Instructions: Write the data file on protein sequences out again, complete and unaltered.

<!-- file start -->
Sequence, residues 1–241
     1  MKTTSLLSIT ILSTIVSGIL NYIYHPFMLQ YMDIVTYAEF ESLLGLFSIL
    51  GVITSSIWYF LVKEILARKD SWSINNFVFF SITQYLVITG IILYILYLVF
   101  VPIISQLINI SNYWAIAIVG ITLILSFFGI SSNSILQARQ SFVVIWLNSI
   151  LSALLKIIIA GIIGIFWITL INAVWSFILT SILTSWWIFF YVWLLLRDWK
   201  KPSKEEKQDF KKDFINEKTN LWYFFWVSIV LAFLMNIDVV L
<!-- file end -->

Sequence, residues 1–241
     1  MKTTSLLSIT ILSTIVSGIL NYIYHPFMLQ YMDIVTYAEF ESLLGLFSIL
    51  GVITSSIWYF LVKEILARKD SWSINNFVFF SITQYLVITG IILYILYLVF
   101  VPIISQLINI SNYWAIAIVG ITLILSFFGI SSNSILQARQ SFVVIWLNSI
   151  LSALLKIIIA GIIGIFWITL INAVWSFILT SILTSWWIFF YVWLLLRDWK
   201  KPSKEEKQDF KKDFINEKTN LWYFFWVSIV LAFLMNIDVV L